In his opening speech at the training, the Enugu State Commissioner for Health, Prof. Ikechukwu Obi, commended the organizers, Corporate Accountability and Public Participation Africa (CAPPA), for putting in place the Journalism Training on Trans-Fat Reporting.
Obi noted that journalists were critical stakeholders in health education and awareness, adding that they must ensure they get correct, factual and understandable health information that would benefit the public.
According to him, journalists should not allow medical professional becloud them with lots of technical health terminologies, but always learn to ask them to break the words in simple ordinary language meant for understanding of the layman.
“Journalists should try as much as possible to simplify medical terms for clear understanding of the layman. Accurate information passed in an easily understandable language will ensure that misconceptions and misinterpretation are checked in health reporting,” he said.
On the need to stop use of TFAs oils, the commissioner said that the citizens of the country have to be mindful of what they eat and check fatty and oil intakes to stem the tide of cardiovascular diseases in the country.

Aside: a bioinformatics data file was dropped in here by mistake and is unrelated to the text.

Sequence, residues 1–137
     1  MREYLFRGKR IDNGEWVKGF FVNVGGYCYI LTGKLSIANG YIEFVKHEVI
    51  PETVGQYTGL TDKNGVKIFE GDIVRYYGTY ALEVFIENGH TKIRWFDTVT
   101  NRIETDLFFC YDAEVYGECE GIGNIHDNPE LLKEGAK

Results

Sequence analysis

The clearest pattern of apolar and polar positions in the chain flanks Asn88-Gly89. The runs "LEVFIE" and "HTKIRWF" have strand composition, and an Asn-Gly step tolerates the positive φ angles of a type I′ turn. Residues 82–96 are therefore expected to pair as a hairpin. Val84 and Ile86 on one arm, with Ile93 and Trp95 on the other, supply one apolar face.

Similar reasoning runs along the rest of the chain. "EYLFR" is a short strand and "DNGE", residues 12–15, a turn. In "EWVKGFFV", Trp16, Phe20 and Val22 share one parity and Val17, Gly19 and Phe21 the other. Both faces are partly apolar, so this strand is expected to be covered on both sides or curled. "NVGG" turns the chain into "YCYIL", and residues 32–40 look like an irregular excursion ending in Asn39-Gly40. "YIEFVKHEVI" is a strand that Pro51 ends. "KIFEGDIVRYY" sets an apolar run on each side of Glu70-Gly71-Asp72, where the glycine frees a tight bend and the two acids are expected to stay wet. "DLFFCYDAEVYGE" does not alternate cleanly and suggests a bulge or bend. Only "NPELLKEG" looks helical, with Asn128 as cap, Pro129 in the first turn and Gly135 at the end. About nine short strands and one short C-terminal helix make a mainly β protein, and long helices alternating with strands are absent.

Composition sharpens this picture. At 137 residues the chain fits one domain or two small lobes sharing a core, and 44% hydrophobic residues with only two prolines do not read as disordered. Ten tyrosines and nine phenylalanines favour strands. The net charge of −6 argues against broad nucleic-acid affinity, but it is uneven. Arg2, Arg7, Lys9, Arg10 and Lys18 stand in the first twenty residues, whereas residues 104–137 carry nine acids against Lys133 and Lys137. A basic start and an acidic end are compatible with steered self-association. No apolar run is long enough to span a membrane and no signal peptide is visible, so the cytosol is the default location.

Obi, however, lauded NAFDAC for coming out with a draft regulation to check the use and consumption industrial TFAs in the country.
The commissioner assured journalists and other stakeholders in the fight against TFAs of collaboration to ensure that “we conquer, as we have done in Ebola, polio and other diseases”.
He said that the state was committed to working with NAFDAC, CAPPA and others in safe-guarding the health of all Nigerians.
Earlier, the Executive Director of CAPPA, Mr Olufemi Akinbode, said that the workshop was meant to x-ray the dangers of TFAs as well as equipping journalists with necessary knowledge and stakeholders’ contacts that would help enrich their reportage.
According to Akinbode, “we want journalists to use their media advocacy and awareness to influence policy makers and government regulators on making laws and health regulations to check the industrial TFAs.
“Journalists are expected to use their reportage to create awareness of the dangers of TFAs on the people and we achieve appreciable reduction in use of TFAs oil in our meals so that our people will remain healthy,” he said.
Dr Jerome Mafeni, Technical Director on TFAs with Network for Health Equity and Development, lauded CAPPA and its partners on the sustenance of the advocacy against TFAs, as well as for mobilizing the media to join actively in the fight.
Mrs Joy Amafah, Nigeria in-Country Coordinator of Global Health Advocacy Incubator (GHAI), noted that there was no way you can run a successful campaign meant to influence the attitude of the public without using the media.
“I look forward for a successful engagement and outcome on TFAs education and advocacy,” Amafah said.
DAILY POST reports that the two-day workshop was attended by journalists from across the South-East States.